The power of the archive lies in our ability to ‘look back’, to sit with the privilege of hindsight, learning about what was, thinking about what could have been and speculating about what’s to come. Source material helps shape our understanding and transform previous assumptions. The past comes alive, and through us, the struggles and successes are overcome and won again; never to be forgotten.
The fight against the apartheid regime may still be close, but before too long will fall out of living memory. The presence of archives, not only in South Africa, but across the world preserves the international campaign, the efforts of groups and individuals, which led to the successful abolition of an apartheid state and freedom for South Africa. Here in Glasgow, in the Archives Department of Glasgow Caledonian University, we are proud to hold the Archives of the Scottish Anti-Apartheid Movement.
Thanks to a grant from the National Cataloguing Grants Programme for Archives, over the next ten months the entire Archives of the Scottish Anti-Apartheid Movement will be catalogued, providing a rich resource for education and inspiration.
Study or flick through any of the material, and what will strike you is the human touch and emotion that is present in every item. Salutations such as ‘brother’ and ‘comrade’ unite strangers in their cause. There are mail-outs in the form of birthday cards celebrating Mandela’s 70th birthday, of which half is kept as a memento and half is sent with a donation to Mandela in prison on Robben Island. In another folder are piles of handwritten attendance cards from conferences with personal details – names, addresses and organisations – written by people who took the time to care. These sit alongside dense official documents and remind us that each individual’s role, even without official capacity, helped to make a difference.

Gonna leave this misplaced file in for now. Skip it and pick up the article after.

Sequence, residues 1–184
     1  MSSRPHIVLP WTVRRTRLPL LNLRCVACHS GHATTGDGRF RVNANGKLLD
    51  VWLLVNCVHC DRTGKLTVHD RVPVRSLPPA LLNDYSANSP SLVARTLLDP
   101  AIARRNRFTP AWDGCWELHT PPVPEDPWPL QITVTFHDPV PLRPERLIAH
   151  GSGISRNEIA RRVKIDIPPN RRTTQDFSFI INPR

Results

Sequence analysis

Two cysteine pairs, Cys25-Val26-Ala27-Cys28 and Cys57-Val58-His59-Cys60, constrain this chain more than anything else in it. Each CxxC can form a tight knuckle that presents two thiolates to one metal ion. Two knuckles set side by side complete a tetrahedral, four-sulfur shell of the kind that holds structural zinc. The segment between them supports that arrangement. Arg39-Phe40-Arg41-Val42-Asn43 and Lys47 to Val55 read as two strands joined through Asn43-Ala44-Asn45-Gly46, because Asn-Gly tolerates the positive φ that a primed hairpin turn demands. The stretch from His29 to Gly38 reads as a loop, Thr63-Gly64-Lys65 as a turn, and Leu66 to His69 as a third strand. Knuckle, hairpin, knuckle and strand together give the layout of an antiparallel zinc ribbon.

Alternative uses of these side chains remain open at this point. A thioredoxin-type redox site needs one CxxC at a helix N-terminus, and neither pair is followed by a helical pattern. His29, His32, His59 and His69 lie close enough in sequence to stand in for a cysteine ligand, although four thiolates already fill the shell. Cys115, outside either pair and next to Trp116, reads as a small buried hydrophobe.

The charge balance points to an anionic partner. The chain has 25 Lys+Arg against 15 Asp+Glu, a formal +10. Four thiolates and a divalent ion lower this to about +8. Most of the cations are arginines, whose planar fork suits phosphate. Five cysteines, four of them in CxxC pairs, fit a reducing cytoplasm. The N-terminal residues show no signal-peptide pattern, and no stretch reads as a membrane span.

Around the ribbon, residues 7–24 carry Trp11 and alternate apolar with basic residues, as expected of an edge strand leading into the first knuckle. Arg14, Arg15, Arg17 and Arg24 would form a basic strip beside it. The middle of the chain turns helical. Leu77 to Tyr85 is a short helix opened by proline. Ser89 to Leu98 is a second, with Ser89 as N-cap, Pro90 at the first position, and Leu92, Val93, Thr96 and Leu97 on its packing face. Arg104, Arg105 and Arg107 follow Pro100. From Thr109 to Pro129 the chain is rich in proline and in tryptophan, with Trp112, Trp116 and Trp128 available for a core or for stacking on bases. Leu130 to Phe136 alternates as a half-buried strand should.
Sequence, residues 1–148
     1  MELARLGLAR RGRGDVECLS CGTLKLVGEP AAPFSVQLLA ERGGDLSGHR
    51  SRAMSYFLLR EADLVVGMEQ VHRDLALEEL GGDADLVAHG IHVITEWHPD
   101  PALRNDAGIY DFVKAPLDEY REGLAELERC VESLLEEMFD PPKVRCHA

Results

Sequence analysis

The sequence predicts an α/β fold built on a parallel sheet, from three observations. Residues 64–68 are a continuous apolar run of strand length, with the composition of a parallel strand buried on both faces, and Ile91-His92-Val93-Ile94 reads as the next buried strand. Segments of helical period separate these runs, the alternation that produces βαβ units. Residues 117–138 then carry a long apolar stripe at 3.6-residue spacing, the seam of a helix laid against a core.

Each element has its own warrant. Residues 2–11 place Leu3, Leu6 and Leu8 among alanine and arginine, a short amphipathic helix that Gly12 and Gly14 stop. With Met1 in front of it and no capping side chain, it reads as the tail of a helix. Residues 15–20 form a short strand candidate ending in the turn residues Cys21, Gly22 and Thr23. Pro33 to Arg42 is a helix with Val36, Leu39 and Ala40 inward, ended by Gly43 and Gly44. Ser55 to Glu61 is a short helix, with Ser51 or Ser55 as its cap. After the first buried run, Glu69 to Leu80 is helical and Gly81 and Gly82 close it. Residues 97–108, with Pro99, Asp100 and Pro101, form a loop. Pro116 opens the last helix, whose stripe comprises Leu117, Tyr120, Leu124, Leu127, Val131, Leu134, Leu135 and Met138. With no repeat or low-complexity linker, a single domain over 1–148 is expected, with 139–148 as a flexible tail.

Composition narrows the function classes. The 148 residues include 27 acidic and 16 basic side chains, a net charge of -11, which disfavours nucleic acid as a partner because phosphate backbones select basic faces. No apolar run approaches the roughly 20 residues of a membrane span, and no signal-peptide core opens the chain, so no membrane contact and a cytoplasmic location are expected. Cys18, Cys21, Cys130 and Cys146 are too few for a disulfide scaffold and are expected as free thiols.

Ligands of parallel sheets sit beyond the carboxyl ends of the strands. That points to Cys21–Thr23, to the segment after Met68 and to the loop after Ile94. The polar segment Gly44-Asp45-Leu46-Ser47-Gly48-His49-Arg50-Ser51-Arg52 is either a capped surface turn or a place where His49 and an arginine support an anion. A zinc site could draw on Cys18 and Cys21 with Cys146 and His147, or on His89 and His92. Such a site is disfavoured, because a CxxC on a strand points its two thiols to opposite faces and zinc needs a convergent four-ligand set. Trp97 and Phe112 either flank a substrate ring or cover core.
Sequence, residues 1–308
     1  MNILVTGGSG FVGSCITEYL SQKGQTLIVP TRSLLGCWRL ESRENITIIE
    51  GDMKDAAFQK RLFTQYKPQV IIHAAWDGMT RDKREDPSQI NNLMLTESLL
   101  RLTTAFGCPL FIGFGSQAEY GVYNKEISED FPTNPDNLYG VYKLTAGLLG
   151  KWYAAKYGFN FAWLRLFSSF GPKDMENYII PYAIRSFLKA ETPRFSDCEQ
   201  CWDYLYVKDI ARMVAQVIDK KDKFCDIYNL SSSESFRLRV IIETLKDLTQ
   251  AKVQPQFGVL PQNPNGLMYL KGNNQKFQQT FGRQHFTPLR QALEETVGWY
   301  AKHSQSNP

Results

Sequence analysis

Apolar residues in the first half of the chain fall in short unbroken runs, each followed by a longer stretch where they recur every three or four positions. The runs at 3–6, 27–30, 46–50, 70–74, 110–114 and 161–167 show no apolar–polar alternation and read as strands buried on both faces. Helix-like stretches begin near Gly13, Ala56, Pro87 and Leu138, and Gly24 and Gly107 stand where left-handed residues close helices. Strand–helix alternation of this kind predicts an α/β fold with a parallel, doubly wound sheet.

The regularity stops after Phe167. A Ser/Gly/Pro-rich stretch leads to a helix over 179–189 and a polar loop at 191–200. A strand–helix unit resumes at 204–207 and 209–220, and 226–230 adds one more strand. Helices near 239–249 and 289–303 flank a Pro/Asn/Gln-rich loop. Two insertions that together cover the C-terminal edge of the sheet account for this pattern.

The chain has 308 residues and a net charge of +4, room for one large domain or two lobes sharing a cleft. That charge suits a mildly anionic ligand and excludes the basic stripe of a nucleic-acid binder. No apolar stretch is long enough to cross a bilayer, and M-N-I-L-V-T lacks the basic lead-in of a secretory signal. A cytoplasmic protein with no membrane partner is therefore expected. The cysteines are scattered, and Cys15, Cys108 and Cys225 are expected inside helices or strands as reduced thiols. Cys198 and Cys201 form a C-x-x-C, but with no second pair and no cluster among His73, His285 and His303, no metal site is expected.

We will be sharing our discoveries monthly, and musing on how the coming together of different groups across the nation, and world, helped to change a country’s future.
Having opened with a poem from South Africa, we’ll end with a song from Scotland. The title of this project has been taken from the Robert Burn’s song A Man’s A Man For A’ That, written in 1795. It is a song that speaks of united struggles and egalitarian ideas, whose meaning translates across time, class, creed and culture.
Then let us pray that come it may,
(As come it will for a’ that,)
That Sense and Worth, o’er a’ the earth,
Shall bear the gree, an’ a’ that.
For a’ that, an’ a’ that, It’s coming yet for a’ that,
That Man to Man, the world o’er,
Shall brothers be for a’ that.
A Man’s A Man For A’ That, Robert Burns
Julia Wylie, Project Archivist